873 F2d 165 National Labor Relations Board v. Brooke Industries Incorporated

873 F.2d 165

131 L.R.R.M. (BNA) 2505, 111 Lab.Cas. P 11,137


No. 88-2405.

United States Court of Appeals,
Seventh Circuit.

Submitted April 3, 1989.
Decided April 26, 1989.

Aileen A. Armstrong, N.L.R.B., Washington, D.C., for petitioner.

John M. Loomis, Beck, Chaet & Loomis, Milwaukee, Wis., for respondent.

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POSNER, Circuit Judge (in chambers).


This is Round 2 of an absurd (as it seems to me) dispute between the Labor Board and me. In Round 1, the Board had submitted for my signature a consent judgment, which I refused to sign because it contained a prohibition (against the employer's "advancing harsh and vindictive bargaining proposals") that I considered excessively vague. See NLRB v. Brooke Industries, Inc., 867 F.2d 434 (7th Cir.1989) (Posner, J., in chambers). Having taken the position that I had no power to refuse to sign a consent judgment, no matter what it provided, the Board in its latest submission argues from Rule 27(a) of the Federal Rules of Appellate Procedure that a single judge has no power to refuse--on any ground whatsoever--to sign a consent judgment. The argument is passing strange. The Board does not suggest that a single judge lacks the power to sign a consent judgment; on the contrary, the judgment form that it submitted, in this as in all cases where it asks this court to enforce a consent judgment, provides a space for only one judge's signature. The Board's argument is that one judge only lacks the power not to sign it. No matter how absurd, repulsive, or even illegal the terms of the consent judgment ("respondent agrees that in the event of a violation of this agreement he will sacrifice his first-born to the Chairman of the NLRB"), the judge to whom the judgment is submitted must sign it, thereby making it legally binding.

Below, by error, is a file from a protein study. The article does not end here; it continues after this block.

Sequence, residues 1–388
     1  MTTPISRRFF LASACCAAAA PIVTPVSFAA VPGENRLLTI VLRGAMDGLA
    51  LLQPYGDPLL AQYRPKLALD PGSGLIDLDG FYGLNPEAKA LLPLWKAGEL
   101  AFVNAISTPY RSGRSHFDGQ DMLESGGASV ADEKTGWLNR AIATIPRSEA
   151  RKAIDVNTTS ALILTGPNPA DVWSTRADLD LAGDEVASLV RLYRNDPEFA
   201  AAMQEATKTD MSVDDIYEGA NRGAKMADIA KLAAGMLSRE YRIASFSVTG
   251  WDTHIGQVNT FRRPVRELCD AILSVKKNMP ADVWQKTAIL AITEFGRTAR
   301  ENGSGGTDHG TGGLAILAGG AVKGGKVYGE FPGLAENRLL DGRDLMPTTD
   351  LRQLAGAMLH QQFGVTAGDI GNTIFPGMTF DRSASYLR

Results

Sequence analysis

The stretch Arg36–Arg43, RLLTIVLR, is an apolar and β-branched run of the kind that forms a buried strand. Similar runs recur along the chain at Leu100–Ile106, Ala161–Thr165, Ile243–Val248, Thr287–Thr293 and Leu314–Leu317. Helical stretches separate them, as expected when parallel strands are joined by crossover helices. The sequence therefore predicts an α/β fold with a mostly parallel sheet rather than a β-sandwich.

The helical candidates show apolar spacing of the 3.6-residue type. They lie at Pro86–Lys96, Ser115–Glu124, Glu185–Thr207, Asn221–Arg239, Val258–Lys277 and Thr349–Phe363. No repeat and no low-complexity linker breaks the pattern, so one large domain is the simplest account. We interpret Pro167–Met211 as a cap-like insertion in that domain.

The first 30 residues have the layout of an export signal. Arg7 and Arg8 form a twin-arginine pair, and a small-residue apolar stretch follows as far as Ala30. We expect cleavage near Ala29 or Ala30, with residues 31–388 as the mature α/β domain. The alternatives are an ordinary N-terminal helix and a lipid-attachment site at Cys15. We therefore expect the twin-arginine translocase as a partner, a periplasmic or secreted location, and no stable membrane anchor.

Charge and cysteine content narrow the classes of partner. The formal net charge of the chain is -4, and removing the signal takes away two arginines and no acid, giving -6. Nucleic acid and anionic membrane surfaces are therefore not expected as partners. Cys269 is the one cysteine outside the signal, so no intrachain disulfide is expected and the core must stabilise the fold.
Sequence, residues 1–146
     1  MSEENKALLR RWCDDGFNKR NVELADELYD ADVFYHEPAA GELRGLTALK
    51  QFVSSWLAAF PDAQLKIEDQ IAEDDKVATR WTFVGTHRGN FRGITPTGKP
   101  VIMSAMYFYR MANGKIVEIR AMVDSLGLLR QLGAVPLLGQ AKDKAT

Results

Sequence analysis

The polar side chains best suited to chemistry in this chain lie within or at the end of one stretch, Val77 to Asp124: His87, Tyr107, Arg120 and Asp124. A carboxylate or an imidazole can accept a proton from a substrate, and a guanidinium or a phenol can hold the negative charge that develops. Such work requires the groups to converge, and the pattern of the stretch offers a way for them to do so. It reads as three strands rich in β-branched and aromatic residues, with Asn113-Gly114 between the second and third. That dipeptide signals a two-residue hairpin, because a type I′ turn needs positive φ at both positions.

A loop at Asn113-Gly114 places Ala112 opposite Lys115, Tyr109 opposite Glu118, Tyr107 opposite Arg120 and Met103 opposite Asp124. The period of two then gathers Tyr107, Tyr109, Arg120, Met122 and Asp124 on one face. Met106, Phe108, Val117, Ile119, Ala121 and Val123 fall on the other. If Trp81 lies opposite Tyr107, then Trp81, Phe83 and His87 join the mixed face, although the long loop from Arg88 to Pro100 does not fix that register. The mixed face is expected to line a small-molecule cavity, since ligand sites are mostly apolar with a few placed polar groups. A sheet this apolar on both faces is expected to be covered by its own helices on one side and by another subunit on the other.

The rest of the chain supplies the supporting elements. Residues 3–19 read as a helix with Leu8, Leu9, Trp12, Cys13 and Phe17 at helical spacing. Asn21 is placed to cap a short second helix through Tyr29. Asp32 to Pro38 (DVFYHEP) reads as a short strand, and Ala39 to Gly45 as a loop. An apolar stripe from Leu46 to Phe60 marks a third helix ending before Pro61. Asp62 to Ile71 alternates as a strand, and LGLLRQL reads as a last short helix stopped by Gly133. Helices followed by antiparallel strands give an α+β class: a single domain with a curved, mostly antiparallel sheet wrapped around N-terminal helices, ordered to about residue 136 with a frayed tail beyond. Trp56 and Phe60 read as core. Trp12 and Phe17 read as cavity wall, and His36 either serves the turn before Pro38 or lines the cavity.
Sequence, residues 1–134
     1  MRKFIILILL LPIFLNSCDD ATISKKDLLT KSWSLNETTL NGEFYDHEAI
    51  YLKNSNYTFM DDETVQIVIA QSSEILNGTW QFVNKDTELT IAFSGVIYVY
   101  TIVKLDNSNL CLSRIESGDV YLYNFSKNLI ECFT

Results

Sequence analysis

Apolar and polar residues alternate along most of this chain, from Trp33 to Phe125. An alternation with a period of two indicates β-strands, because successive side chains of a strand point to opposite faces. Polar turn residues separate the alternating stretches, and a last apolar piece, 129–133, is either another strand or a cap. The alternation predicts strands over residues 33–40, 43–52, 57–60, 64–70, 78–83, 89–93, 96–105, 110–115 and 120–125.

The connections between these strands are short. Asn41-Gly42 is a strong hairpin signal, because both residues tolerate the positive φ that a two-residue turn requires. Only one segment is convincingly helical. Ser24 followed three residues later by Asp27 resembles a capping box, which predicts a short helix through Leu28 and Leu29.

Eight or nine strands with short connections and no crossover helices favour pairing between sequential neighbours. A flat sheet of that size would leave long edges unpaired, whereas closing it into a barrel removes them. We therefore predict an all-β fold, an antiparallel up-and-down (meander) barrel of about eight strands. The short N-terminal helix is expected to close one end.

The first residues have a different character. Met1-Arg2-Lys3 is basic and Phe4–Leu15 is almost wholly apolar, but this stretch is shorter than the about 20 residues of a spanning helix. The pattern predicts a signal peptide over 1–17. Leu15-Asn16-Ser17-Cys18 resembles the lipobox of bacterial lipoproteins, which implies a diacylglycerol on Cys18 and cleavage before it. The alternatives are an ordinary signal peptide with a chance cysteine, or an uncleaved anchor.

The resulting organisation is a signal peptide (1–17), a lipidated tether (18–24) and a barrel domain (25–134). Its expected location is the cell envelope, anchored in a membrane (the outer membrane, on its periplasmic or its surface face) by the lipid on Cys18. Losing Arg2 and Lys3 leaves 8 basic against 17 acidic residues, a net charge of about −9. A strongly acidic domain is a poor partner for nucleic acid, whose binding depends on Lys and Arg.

Alternatively and more plausibly, the Board asks that the court review my action in refusing to sign the judgment. Rule 27(c) provides that "the action of a single judge may be reviewed by the court," i.e., by a three-judge panel. Pioneer Properties, Inc. v. Martin, 776 F.2d 888, 890 n. 1 (10th Cir.1985). The only complication is that, in addition to asking for review of my refusal to sign the consent judgment, the Board requests dismissal, without prejudice, of its original application for enforcement. This request appears to be unrelated to my refusal to sign the consent judgment. The ground for the request is that not only is the company in full compliance with the Board's order but the union that brought the unfair labor practice proceeding that eventuated in the order is no longer interested in representing the company's employees.


Ordinarily, voluntary dismissals of appeals don't require action by even one judge; the parties need only sign and file with the clerk of this court an agreement that the proceeding be dismissed. See Fed.R.App.P. 42(b). The wrinkle here is that the respondent wants the dismissal to be with prejudice. We can attach conditions to a voluntary dismissal--Rule 42(b) expressly so provides--and making the dismissal with prejudice is a common condition. But this requires action by three judges when as here the condition is contested. Hence both the motion to review my refusal to sign the consent judgment and the request for leave to dismiss the petition to enforce the Board's order should go to a three-judge panel. Dismissal of the petition to enforce may of course moot the petition to review, but that is an issue for the panel to sort out. A panel will be duly convened to consider the Board's latest submission and the company's response.